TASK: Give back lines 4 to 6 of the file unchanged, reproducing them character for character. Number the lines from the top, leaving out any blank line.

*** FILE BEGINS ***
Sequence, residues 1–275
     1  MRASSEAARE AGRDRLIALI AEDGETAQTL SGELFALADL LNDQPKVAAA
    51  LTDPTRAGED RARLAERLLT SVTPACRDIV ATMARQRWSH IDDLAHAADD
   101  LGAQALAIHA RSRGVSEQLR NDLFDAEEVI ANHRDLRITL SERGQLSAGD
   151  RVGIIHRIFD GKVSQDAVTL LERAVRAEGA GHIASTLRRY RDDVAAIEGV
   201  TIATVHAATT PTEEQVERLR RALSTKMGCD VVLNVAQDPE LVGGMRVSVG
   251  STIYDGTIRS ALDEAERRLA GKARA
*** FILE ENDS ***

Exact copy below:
   101  LGAQALAIHA RSRGVSEQLR NDLFDAEEVI ANHRDLRITL SERGQLSAGD
   151  RVGIIHRIFD GKVSQDAVTL LERAVRAEGA GHIASTLRRY RDDVAAIEGV
   201  TIATVHAATT PTEEQVERLR RALSTKMGCD VVLNVAQDPE LVGGMRVSVG